Colossal recently added $60 million in funding to move towards 2027 Ending the extinction of the woolly mammoth.
The Dallas-based company is now in business Gene editing For Mammalian Reincarnation.
Colossal planned to bring the woolly mammoth back to Russia, but that could change.
The long-dead woolly mammoth says it will return from extinction by 2027 enormousa biotech company actively working to reincarnate the ancient beast.
Last year, the Dallas-based company secured an additional $60 million in funding to continue its massive gene-editing work it began in 2021. If successful, Colossal will not only return to extinct species — one the company calls the cold-resistant elephant. — but it would also reintroduce woolly mammoths to the same ecosystem they once lived in in an effort to combat climate change, according to Last middle Mail.
Colossal describes the woolly mammoth’s extensive migration patterns as an active part of maintaining a healthy Arctic, so bringing the animal back to life could have a beneficial effect on the health of the world’s ecosystem. While Colossal originally hoped to reintroduce the woolly mammoth to Siberia, the company He may explore other options On the basis of the current political framework of the world.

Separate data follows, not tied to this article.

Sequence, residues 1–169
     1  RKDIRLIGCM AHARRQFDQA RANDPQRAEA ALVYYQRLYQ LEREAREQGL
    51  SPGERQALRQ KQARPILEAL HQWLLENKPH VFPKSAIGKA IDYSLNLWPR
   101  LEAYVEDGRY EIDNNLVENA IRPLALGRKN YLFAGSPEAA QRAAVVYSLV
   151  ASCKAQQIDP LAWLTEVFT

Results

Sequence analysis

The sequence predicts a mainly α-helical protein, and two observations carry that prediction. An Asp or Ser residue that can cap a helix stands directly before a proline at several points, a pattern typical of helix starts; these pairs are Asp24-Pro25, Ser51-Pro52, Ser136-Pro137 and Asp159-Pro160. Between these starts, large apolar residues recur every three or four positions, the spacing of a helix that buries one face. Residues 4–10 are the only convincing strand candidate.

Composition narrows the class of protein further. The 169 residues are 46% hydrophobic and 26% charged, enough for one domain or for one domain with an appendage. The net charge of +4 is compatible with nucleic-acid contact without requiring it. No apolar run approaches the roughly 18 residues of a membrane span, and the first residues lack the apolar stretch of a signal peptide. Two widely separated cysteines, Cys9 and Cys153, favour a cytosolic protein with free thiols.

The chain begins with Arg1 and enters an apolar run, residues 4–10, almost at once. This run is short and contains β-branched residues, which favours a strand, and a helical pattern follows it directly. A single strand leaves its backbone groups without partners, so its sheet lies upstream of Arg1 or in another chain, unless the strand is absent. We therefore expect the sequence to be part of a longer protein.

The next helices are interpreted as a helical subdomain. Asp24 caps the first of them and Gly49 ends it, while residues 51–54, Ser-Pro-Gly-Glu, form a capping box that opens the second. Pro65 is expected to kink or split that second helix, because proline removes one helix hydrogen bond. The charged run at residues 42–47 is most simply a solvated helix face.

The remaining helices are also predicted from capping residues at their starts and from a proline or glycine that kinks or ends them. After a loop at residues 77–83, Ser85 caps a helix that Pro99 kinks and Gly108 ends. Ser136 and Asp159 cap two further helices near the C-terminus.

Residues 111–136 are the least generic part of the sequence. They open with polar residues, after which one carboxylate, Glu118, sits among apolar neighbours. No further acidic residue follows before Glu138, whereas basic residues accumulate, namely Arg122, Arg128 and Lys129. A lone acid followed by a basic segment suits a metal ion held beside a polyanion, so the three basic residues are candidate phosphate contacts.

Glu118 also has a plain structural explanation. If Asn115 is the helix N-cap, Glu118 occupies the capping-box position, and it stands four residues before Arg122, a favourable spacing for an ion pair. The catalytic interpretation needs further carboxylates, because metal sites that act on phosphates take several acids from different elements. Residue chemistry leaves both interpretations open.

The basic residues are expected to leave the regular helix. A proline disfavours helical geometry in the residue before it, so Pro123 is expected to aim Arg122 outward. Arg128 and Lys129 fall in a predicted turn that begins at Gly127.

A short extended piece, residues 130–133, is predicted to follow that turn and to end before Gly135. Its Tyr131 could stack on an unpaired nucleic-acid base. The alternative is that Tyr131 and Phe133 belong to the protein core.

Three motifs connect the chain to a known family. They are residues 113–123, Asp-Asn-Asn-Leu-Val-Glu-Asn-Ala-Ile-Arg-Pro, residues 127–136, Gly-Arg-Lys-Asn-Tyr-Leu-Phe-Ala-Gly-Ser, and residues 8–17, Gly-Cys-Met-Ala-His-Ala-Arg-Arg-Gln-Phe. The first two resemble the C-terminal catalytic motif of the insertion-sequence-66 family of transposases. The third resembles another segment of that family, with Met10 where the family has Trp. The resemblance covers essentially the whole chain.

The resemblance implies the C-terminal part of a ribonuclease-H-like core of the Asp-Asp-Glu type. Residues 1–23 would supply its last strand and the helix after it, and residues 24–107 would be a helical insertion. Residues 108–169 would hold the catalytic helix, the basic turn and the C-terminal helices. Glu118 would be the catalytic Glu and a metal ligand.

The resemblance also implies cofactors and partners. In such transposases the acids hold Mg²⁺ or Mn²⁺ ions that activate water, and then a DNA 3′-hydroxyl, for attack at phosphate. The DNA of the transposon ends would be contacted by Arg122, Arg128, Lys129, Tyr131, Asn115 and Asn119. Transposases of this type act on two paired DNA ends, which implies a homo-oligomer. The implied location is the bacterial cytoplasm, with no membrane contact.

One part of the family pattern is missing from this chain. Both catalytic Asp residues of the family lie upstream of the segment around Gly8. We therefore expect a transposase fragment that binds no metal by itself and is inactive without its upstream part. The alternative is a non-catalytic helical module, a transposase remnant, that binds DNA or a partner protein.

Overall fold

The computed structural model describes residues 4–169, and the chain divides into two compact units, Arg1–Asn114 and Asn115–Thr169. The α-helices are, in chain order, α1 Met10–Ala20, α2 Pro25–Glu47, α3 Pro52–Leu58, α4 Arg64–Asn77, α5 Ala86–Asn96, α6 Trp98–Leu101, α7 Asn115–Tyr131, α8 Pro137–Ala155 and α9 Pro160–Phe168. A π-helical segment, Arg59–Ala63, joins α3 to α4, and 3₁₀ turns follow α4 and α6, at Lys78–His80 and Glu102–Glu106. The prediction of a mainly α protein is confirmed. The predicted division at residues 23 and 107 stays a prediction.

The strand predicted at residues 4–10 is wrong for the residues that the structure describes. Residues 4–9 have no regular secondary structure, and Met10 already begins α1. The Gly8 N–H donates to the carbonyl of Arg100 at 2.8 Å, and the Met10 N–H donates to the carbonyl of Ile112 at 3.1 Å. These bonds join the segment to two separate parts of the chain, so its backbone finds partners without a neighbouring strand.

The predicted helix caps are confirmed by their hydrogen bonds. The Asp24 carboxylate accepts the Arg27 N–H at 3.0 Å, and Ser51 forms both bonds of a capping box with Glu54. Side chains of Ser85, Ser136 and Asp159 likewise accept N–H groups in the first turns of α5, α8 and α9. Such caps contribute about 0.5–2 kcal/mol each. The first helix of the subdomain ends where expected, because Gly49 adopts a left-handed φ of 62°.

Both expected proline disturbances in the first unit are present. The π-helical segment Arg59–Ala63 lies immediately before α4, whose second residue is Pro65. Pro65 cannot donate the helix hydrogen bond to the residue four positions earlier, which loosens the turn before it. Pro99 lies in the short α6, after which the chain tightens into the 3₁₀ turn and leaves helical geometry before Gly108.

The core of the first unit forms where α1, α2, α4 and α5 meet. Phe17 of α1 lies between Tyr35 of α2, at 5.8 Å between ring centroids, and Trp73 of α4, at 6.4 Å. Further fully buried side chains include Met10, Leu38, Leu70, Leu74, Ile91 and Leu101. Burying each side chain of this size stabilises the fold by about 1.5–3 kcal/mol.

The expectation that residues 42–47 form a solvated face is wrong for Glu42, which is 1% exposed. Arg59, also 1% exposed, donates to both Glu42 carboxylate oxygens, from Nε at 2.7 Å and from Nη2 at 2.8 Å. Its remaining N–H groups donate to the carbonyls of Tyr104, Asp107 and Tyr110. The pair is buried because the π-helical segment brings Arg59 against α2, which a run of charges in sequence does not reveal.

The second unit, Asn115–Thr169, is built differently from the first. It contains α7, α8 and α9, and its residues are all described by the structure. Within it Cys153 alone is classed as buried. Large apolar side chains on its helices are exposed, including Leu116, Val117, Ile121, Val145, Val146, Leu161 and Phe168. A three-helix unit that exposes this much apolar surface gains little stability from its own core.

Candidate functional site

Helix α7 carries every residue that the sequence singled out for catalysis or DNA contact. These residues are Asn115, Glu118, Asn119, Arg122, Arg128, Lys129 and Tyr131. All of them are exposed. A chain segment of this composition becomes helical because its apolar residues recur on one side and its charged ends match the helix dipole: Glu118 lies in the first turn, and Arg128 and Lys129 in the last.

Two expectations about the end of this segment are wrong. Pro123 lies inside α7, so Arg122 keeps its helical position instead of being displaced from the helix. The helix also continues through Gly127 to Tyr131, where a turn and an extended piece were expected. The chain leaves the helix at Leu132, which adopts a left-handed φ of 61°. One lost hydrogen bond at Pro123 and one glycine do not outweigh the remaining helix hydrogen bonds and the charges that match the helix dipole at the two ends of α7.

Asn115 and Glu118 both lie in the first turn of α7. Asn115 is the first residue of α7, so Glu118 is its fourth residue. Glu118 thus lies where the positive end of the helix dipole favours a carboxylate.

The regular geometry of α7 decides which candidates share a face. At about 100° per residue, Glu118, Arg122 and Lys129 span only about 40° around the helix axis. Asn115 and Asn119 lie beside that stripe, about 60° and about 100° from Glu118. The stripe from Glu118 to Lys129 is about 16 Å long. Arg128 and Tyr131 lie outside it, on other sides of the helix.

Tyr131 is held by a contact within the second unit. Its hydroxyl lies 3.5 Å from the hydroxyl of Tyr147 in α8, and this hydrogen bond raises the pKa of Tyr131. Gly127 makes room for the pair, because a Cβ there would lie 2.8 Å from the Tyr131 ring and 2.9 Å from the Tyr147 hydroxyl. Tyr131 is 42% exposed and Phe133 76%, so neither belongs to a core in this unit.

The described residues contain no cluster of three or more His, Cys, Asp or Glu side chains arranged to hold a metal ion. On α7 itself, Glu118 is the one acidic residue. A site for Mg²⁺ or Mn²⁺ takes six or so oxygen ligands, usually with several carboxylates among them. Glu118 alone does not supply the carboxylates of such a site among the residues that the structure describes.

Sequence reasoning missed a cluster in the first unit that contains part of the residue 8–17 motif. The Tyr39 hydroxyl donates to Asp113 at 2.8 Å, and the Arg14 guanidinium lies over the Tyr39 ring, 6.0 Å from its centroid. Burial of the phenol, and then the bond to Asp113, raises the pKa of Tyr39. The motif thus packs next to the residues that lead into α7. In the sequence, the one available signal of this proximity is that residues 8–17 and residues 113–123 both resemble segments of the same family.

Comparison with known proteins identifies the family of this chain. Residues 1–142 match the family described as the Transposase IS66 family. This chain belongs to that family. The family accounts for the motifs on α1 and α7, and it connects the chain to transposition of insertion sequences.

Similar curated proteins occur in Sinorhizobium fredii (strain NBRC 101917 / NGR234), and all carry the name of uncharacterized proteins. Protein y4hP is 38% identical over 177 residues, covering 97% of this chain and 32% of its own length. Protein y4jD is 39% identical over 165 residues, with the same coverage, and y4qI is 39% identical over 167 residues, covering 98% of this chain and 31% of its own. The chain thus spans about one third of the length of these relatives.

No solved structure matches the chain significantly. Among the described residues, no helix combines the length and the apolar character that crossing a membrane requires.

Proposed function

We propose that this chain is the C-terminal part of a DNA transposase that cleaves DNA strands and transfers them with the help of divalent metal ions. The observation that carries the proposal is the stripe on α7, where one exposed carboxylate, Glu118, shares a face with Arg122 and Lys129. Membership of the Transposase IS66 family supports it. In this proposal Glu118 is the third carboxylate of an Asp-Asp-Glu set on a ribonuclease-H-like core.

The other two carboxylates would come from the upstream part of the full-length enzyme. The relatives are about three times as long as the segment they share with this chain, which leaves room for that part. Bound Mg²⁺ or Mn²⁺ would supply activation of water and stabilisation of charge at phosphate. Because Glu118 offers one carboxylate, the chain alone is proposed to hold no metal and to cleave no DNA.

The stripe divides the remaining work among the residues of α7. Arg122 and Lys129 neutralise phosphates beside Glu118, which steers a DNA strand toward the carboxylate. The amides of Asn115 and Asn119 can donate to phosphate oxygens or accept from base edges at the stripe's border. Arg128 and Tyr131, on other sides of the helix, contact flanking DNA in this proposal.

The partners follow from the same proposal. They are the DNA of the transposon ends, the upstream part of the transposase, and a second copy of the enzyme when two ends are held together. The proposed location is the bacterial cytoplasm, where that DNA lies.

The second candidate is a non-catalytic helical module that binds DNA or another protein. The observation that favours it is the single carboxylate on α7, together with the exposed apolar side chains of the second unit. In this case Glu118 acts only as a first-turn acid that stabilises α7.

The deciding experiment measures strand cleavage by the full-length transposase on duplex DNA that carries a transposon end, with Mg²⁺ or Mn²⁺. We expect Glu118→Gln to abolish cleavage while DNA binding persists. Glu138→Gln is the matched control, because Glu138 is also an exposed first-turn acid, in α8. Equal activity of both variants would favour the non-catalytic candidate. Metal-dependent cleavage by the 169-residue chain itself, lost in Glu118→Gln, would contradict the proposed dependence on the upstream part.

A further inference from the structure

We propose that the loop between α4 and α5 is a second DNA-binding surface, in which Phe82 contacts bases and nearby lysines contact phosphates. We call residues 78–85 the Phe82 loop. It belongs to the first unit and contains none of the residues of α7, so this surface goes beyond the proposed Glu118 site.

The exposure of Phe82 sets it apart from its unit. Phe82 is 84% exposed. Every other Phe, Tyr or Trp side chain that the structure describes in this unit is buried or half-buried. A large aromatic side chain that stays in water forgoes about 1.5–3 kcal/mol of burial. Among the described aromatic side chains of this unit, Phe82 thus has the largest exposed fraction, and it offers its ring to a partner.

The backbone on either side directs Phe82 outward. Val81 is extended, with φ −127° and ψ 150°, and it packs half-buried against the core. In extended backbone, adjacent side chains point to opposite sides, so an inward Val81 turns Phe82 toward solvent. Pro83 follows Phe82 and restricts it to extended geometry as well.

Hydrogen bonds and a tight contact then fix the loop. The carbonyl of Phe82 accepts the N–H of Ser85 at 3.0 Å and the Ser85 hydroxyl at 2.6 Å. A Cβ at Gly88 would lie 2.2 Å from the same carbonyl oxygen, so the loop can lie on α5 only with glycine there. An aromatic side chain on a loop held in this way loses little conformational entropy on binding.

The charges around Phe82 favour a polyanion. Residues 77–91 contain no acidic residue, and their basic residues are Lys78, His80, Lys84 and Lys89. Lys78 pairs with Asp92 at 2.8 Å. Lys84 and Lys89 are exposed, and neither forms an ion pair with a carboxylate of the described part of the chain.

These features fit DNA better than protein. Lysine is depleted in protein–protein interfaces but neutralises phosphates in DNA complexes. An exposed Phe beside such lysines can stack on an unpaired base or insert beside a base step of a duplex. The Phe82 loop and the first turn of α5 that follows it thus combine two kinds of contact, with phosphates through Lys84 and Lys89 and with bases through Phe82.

The woolly mammoth’s DNA is a 99.6 percent match to that of the Asian elephant, leading Colossal to believe it is well on its way to achieving its goal. “In the minds of many, this creature is gone forever,” the company said Says. But not in the minds of our scientists, nor in the laboratories of our company. We are already in the process of de-extincting the woolly mammoth. Our teams have collected viable DNA samples and are editing the genes that will allow these magnificent megafauna to once again pass through the Arctic.”
Through gene editing, Colossal scientists will eventually create an embryo of a woolly mammoth. They will place the fetus in an African elephant to take advantage of its size and allow it to give birth to the new woolly mammoth. The ultimate goal is to repopulate parts of the Arctic with new woolly mammoths and to fortify the local plant life with the beast’s migration patterns and feeding habits.
If Colossal proves successful in reincarnating the woolly mammoth — as in thylacinealso known as the Tasmanian tiger — expect a variety of new ethical questions on how to handle the creature and possible reintroduction issues.
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